Before Heath could take any action, the person pulled the emergency brake—even though by that time the train would have been either barely in motion or at a complete stop—jumped onto the track, and dashed from the direction the train came, back towards 34th Street. Without police present and Rail Control Center’s approval, Heath was not allowed to follow him, per New York City Transit work rules. For the next 18 minutes, Heath rode downtown, then uptown again, to see if he could spot the culprit. But at 4:11 p.m., he radioed to Rail Control Center to deliver the bad news. “The unruly person,” as he was called throughout the incident report, got away. Again.

I’ve seen the incident report from an April 19 occurrence. For around 30 minutes starting at 4:17, the culprit rode on the backs of a variety of northbound 4 and 6 trains before triggering the emergency brakes of a northbound 4 train near 59th st at 4:48. The person, the MTA has said, did not just pull a rip cord in a car, but rather cut the safety chains on the back of a train, used a key to open the doors to the operator room and set off the brake valve before running down the tracks. This is someone with knowledge of train operations, and some have speculated this person is halting service in order to tag the tunnels. The April incident alone resulting in 75 delayed trains along the IRT lines.

It’s hard to write fiction this wild, and while it’s not the first time vandals have pulled subway emergency brakes for sport, this is a specifically targeted attack by someone with some expertise in train operations. What happens is anyone’s guess, but subway riders know to look out for someone riding the backs of trains. It’s only a matter of time before he’s caught, and we’ll find out exactly why what Jalopnik is calling a subway supervillain is targeting our commutes. It’s a special kind of New York crime designed to inflict maximum annoyance on a lot of people; crowd justice for this culprit seems almost too kind.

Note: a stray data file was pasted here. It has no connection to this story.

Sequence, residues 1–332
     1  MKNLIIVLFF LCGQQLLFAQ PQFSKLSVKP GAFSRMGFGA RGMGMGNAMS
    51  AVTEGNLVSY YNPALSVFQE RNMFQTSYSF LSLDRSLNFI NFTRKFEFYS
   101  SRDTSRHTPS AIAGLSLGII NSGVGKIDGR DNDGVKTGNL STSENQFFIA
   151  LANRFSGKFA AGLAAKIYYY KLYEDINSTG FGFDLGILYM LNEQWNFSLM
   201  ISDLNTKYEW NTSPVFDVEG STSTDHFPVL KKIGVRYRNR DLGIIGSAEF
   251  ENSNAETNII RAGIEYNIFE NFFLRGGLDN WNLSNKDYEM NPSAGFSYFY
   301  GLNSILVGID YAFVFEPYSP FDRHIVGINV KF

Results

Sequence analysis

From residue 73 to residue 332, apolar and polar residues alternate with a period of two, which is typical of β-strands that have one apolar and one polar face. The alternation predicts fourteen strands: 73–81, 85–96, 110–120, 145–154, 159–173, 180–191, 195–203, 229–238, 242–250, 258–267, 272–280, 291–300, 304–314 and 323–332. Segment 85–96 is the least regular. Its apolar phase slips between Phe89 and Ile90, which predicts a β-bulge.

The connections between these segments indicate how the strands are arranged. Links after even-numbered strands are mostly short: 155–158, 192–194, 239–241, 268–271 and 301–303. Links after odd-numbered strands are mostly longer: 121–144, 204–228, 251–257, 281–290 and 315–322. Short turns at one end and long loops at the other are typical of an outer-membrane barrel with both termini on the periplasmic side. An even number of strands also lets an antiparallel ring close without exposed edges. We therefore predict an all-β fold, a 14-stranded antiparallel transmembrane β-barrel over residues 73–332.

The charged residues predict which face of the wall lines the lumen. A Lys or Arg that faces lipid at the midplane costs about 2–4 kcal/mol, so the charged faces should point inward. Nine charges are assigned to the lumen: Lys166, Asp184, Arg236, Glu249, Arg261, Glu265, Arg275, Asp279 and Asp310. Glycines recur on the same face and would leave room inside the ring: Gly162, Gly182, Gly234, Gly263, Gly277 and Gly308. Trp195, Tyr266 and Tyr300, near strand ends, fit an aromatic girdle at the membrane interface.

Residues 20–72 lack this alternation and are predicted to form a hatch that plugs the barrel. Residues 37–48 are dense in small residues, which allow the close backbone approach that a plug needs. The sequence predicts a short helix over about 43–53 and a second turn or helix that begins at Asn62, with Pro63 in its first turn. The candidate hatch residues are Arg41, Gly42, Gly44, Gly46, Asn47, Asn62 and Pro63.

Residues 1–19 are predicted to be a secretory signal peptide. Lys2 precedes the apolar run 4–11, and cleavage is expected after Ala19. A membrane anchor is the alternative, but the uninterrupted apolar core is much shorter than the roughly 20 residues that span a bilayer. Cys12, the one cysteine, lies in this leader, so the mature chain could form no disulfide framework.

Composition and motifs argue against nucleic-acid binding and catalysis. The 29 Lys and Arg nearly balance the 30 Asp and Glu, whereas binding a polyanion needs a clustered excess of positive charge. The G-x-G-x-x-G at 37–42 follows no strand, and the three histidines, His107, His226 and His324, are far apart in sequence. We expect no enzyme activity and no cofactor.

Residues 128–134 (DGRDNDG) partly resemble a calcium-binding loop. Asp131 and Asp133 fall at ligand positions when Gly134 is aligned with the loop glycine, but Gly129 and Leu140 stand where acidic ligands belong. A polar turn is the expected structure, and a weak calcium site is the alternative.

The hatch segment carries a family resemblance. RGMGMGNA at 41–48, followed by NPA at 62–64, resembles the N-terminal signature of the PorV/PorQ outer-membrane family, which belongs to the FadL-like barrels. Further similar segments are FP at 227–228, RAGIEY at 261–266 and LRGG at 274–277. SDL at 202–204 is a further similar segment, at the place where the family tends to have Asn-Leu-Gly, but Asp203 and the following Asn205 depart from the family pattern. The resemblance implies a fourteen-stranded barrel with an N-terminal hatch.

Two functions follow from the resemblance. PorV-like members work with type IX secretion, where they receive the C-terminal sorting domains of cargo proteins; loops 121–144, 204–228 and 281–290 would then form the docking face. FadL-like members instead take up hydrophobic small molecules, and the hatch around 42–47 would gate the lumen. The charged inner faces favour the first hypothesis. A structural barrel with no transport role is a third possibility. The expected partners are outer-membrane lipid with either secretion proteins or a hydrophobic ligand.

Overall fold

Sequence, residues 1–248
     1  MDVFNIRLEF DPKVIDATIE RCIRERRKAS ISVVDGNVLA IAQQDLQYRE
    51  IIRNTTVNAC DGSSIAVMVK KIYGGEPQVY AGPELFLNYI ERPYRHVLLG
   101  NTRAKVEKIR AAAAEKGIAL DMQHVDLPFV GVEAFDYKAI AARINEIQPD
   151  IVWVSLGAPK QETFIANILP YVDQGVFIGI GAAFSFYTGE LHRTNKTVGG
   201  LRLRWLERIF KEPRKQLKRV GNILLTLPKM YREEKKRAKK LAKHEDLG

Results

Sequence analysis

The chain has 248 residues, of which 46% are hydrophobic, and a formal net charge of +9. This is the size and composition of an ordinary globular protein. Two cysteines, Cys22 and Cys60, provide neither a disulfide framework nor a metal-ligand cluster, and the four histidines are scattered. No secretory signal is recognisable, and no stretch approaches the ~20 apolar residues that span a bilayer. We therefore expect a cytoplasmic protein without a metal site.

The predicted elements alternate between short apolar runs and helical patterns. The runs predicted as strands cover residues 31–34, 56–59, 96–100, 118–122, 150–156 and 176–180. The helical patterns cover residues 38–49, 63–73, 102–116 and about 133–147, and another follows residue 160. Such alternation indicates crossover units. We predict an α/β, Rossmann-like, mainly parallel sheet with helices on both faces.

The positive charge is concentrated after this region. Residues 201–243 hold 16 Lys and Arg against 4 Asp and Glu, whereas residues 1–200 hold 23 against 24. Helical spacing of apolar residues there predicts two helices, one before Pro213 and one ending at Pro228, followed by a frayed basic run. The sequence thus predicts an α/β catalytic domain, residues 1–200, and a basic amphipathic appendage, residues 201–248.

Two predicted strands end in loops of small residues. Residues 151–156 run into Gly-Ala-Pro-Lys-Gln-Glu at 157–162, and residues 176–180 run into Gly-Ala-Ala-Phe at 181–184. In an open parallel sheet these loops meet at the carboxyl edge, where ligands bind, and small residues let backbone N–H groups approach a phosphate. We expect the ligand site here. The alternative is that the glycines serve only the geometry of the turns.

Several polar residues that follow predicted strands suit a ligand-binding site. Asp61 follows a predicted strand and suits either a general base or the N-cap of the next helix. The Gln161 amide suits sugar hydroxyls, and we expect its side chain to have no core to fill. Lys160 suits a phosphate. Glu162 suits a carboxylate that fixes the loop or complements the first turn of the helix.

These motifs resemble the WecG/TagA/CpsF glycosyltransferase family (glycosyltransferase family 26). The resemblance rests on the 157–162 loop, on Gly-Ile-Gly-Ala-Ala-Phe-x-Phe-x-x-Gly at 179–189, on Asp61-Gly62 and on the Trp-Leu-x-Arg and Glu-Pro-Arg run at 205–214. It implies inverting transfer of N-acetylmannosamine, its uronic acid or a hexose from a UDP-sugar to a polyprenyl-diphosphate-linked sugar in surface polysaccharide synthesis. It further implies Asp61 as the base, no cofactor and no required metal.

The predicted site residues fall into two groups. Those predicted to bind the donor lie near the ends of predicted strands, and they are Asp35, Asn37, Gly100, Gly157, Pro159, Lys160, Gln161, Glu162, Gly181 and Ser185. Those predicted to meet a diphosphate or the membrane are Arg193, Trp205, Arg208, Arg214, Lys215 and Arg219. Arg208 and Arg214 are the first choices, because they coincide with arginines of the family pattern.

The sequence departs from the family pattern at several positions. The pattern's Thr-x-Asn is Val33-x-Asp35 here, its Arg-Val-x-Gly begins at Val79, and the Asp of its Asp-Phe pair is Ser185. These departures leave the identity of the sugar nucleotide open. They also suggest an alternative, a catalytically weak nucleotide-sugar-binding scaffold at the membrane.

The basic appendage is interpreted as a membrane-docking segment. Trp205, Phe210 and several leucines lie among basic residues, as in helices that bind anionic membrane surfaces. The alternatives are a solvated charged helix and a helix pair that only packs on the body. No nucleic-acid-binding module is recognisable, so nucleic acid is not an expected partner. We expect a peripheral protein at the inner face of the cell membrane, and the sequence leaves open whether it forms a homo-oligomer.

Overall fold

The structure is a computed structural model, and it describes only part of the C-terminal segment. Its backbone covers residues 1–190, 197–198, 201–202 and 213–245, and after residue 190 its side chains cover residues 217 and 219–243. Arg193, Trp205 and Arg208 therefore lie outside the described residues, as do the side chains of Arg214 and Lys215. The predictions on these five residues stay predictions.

7 Responses to “‘The trains don’t work ’cause the vandals pulled the handle’”

  1. Thomas Schmidt says:

    Add up the number of minutes of human lifespan this jerk has wasted. When he is caught, make sure that THAT is his prison sentence. He might never get out.

  2. Kufat says:

    That’s a hell of a good headline.

  3. Larry Littlefield says:

    The cops claim they have the guy, who is probably a nutcase.

    I’m glad he was caught before he ended up dead.

  4. Duke says:

    Well, they caught *A* guy. We don’t know if it’s *THE* guy.

    Unfortunately I don’t think cutting his stomach open will help with that determination in this case.

  5. Pedro Valdez-Rivera says:

    And that’s why the MTA needs to invest tens of millions of dollars to add more CCTV surveillance cameras on not only on the subway mezzanines and platforms, but also inside the subway cars, in order to catch these criminals in the act with relative precision. Same thing with the use as well. Keep in mind that safety is the number one priority for the MTA in their own minds.